• Dead mussels will (usually), have an open shell and will float.
  • Live, fresh mussel shells are generally closed and sink when submerged in water.

Here’s the kicker though. If you come across an open mussel, it is not necessarily dead! To check, tap the shell, or squeeze it closed, if the the mussel shell closes and stays closed, then the mussel is alive!

The easiest way to test this is to simultaneously wash and debeard the mussels while checking for dead mussels.

a mesh bag of recently purchased mussels in a sink

Wait, What Does ‘Debearding’ A Mussel Mean?

Most mussels will have a little tangle of stringy, hairy looking bristles or ‘beard’ attached in between the hinge of the shell. This is what the mussel (and many other mollusks) uses to attach themselves to rock, rope, etc.

Debearding refers to the action of removing this ‘bear’ while cleaning mussels. While not in-edible, these little bristles are not very enjoyable to consume, and are most often removed before cooking. Since it’s quite a time consuming task, it is most often done in fine dining establishments.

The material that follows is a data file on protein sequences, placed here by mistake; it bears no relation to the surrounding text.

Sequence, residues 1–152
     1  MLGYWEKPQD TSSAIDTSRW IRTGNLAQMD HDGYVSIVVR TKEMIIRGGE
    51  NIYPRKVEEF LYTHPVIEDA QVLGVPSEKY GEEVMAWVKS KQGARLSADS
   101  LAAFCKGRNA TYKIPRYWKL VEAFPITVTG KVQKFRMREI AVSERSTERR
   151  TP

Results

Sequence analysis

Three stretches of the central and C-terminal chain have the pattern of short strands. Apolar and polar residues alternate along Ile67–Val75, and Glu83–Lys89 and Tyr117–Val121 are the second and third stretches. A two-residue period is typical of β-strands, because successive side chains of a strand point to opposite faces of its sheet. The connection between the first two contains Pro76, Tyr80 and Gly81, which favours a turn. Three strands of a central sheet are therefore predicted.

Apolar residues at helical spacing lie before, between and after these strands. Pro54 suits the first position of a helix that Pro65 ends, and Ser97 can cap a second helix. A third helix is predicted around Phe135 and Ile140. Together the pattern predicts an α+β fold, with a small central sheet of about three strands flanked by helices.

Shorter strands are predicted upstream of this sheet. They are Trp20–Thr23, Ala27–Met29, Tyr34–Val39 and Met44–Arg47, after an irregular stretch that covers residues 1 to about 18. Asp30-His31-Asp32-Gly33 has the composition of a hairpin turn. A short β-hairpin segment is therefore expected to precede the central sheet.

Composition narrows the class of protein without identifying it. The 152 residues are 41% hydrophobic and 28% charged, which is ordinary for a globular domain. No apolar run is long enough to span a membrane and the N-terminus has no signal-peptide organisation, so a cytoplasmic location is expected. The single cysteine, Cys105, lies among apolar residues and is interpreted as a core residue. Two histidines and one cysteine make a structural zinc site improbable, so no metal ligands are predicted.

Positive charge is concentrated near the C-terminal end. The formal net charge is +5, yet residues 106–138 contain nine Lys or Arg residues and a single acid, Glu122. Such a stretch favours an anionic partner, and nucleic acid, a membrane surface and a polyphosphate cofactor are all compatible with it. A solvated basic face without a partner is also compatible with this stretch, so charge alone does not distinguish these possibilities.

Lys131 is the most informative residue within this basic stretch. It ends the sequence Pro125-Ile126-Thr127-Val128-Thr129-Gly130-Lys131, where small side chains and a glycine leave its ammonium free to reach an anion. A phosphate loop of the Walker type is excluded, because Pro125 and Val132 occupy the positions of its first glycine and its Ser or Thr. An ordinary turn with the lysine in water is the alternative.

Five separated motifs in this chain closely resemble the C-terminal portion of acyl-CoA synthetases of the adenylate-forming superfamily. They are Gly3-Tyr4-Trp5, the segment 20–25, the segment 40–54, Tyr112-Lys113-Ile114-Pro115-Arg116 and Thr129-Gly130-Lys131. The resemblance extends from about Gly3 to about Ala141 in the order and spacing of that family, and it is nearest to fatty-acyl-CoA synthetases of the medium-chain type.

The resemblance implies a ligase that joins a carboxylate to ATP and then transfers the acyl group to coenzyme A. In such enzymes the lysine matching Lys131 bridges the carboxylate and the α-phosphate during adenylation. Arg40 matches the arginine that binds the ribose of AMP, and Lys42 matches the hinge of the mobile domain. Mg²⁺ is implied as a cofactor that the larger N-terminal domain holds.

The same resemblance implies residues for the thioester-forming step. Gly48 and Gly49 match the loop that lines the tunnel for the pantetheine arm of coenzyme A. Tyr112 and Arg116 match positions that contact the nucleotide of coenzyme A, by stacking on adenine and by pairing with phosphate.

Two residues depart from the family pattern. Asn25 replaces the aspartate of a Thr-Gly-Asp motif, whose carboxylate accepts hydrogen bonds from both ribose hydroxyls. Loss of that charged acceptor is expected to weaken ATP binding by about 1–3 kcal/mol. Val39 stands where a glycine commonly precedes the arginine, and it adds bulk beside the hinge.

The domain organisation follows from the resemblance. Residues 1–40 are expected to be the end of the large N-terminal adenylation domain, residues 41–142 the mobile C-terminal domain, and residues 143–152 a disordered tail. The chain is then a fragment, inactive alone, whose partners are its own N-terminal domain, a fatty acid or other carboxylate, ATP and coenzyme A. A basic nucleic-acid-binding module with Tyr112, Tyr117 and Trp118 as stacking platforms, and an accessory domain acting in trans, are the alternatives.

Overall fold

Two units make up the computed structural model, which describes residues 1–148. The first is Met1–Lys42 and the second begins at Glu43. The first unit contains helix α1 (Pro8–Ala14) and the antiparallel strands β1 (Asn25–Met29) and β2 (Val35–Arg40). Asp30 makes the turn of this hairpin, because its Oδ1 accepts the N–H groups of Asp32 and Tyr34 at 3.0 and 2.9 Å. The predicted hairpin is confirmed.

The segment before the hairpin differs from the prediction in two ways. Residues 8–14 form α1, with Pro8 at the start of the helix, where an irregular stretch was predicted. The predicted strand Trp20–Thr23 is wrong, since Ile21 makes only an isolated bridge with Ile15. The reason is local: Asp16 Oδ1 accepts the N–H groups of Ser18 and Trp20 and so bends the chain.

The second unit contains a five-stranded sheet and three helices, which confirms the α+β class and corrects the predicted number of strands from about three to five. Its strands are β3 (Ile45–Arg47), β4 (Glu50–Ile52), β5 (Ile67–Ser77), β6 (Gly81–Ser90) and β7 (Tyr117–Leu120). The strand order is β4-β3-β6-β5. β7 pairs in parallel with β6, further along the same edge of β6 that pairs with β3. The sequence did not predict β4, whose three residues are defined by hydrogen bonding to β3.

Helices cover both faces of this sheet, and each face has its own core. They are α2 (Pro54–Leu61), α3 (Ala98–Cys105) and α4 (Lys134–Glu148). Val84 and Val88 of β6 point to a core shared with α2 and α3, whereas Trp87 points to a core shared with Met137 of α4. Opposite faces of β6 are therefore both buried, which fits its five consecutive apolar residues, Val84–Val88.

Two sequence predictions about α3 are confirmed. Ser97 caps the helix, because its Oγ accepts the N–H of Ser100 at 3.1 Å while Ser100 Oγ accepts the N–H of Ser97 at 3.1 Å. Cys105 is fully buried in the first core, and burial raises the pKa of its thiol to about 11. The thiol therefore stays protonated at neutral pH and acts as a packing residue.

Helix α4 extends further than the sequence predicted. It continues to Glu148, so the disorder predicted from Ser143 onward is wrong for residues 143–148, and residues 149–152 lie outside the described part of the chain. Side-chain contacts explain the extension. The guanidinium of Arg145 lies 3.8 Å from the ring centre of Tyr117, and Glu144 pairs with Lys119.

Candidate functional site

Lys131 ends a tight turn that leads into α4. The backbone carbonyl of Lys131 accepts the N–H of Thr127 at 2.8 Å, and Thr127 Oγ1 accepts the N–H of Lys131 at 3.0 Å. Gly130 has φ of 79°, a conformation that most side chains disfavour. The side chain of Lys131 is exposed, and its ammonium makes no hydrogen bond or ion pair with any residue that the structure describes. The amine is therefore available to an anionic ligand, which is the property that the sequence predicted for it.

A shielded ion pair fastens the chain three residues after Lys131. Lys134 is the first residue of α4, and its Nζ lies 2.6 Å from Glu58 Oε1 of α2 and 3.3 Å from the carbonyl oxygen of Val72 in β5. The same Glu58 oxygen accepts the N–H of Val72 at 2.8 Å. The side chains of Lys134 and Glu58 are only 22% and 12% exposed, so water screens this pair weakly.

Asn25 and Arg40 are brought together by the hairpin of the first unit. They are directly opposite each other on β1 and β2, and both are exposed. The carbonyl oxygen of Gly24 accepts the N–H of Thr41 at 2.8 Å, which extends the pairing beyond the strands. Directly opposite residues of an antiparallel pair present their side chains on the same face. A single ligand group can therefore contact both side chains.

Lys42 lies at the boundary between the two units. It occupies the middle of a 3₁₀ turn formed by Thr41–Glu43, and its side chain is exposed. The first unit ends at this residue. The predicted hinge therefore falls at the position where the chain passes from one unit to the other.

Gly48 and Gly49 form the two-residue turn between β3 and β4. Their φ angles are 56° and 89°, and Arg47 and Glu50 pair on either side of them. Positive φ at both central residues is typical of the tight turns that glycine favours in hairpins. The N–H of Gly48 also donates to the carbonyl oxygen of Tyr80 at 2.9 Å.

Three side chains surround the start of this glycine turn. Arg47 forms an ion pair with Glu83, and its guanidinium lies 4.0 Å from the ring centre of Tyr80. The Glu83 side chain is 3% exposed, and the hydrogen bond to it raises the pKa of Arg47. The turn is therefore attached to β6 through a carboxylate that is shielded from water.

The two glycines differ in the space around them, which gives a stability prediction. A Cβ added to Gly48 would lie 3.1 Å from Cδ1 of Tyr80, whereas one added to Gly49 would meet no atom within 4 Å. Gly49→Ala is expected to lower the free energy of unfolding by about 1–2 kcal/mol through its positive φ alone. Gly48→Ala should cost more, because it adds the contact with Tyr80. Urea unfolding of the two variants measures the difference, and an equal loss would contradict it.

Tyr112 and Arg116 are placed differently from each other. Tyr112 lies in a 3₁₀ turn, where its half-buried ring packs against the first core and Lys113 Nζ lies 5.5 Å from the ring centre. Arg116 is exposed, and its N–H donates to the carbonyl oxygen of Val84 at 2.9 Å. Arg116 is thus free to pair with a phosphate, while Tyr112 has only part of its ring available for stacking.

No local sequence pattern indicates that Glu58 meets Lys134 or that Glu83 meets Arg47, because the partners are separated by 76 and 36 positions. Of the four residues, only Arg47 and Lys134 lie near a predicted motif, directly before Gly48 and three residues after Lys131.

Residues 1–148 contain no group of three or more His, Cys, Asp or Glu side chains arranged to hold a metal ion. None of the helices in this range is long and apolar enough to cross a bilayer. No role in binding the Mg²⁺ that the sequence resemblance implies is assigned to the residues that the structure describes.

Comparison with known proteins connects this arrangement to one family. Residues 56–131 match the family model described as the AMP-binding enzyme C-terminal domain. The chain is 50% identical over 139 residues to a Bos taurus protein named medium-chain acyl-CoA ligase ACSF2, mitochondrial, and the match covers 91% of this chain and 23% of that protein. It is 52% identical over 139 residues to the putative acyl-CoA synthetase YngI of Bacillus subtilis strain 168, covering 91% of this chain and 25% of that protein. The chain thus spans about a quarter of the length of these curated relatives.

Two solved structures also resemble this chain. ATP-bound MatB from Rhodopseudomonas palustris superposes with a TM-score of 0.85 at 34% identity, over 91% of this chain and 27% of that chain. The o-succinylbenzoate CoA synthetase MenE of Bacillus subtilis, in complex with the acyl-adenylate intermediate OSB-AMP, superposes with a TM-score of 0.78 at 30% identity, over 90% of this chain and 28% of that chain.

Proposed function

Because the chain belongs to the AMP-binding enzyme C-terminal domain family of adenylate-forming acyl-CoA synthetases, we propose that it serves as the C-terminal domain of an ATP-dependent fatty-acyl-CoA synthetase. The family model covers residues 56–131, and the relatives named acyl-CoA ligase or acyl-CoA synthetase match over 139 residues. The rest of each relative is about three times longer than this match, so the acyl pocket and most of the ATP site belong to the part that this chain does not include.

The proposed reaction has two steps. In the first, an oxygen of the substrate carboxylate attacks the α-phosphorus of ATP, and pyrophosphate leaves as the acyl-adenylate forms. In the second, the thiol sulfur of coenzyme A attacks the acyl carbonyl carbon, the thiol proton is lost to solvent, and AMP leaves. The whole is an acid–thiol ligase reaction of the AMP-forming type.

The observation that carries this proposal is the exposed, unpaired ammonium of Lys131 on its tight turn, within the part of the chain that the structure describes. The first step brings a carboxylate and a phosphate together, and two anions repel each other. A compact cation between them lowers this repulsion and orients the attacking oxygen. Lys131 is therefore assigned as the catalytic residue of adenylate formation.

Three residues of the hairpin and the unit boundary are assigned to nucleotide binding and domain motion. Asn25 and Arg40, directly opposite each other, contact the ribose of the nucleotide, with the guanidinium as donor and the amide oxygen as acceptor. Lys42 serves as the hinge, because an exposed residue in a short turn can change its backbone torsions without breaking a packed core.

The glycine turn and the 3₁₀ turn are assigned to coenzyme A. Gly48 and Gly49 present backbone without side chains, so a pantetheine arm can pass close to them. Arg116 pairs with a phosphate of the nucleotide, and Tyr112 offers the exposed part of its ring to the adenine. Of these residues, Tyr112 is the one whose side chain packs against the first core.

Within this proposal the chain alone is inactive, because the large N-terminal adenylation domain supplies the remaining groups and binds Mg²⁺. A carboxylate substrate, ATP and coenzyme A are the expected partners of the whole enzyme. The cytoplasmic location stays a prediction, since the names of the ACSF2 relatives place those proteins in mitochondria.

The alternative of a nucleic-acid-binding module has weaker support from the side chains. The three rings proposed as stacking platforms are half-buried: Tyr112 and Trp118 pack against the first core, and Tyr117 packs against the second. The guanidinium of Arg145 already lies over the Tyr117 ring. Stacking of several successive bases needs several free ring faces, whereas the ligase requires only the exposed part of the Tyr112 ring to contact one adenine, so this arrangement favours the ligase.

How To Clean Mussels At Home, Step-By-Step



When cleaning mussels at home, it is best to do so right before you plan on cooking and eating them. This way you know you are only eating the freshest mussels. If you ned to store the mussels after washing, that’s totally ok, but be aware they should be washed and checked again before cooking.

  1. Dump the entire bag of mussels into a bucket or sink of fresh cold water. Tap water is fine as long as it is COLD!